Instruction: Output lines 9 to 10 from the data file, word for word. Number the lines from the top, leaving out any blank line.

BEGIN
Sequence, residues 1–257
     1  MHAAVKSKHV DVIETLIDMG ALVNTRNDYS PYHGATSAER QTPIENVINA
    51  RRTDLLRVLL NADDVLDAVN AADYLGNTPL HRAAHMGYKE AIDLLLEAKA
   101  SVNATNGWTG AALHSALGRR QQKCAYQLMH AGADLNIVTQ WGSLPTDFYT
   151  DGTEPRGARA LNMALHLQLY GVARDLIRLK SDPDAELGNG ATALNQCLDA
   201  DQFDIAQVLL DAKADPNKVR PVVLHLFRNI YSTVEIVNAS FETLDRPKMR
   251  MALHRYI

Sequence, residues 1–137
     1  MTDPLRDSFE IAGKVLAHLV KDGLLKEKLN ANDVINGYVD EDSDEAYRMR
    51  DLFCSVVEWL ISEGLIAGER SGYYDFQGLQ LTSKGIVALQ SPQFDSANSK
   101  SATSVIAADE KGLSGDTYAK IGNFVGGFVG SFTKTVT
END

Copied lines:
     1  MTDPLRDSFE IAGKVLAHLV KDGLLKEKLN ANDVINGYVD EDSDEAYRMR
    51  DLFCSVVEWL ISEGLIAGER SGYYDFQGLQ LTSKGIVALQ SPQFDSANSK